BBQ Not -]?[- Pittsburgh Rare

The most famous rare steak made on an open flame is Pittsburg rare; it was believed that Pittsburgh steelworkers would bring hunks of meat for lunch instead of usual sandwiches. When lunchtime came, they would take the meat and sear it against a slab of hot metal in the mill. The effect, a blackened exterior around a super rare core.

It is also lore that the blackened meat was made by a blow torch, a steak was taken and quickly blackened by the heat of a blow torch which can reach temperatures as high 3160 °C. Either way the carcinogens in the blackened beef will likely give you some form of cancer.

http://en.wikipedia.org/wiki/Pittsburgh_rare

This article is interesting for BBQ aficionados, those meat eaters who enjoy the thrill of barbequing at home, the taste of charred beef made over a super hot BBQ. Many subscribe to the barbeque as a suitable way to cook, an easy way to control the mess and add flavor. It is true that a barbeque is thrilling, the act of barbequing is often exciting but charring is not recommended.

Well the thrill is deflated very quickly when meat is subjected to extreme temperatures that burn the meat’s surface. Yes flavors are imparted by smoke, condensation and micro particles who give complex flavors there is a fine line between charring and barbequing correctly.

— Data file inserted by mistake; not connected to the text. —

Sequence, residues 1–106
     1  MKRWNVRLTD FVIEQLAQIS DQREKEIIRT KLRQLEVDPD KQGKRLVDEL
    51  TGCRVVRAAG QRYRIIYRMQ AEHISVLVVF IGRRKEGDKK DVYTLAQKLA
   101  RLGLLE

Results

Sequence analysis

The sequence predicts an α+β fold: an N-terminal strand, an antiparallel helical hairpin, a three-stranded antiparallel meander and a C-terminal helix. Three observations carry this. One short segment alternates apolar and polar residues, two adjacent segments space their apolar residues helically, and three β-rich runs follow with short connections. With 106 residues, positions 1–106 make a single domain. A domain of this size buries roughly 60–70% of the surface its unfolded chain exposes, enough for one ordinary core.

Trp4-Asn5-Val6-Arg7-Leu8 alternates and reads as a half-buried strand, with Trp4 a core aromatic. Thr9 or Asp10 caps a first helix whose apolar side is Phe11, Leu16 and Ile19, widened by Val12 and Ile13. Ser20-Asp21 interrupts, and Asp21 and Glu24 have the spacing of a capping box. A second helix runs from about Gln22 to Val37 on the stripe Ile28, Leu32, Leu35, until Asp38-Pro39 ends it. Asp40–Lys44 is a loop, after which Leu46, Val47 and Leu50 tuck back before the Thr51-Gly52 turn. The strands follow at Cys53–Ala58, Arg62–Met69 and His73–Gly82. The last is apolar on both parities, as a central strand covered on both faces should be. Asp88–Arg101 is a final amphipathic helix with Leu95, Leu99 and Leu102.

When meats are cooked at high temperatures, typically over an open flame or hot coals, the intense heat generated converts otherwise beneficial amino acids. It causes hetero cyclic amines (HCAs) known carcinogens.

Research has shown that hetero cyclic amine formation in meat occurs at high cooking temperatures, when amino acids and creatine (a chemical found in muscles) react at high cooking temperatures. Researchers have identified 17 different hetero cyclic amines resulting from the cooking of muscle meats that may pose human cancer risk.

Think twice when it comes to high temperature cooking and try marinating, a process that is said to reduce these harmful compounds from forming. According to several recent studies, marinating meat basically protects it from becoming damaged by high heat. And the reason for this, at least according to some informed experts, is that marinades typical contain herbs, spices, and other agents that are high in antioxidants.

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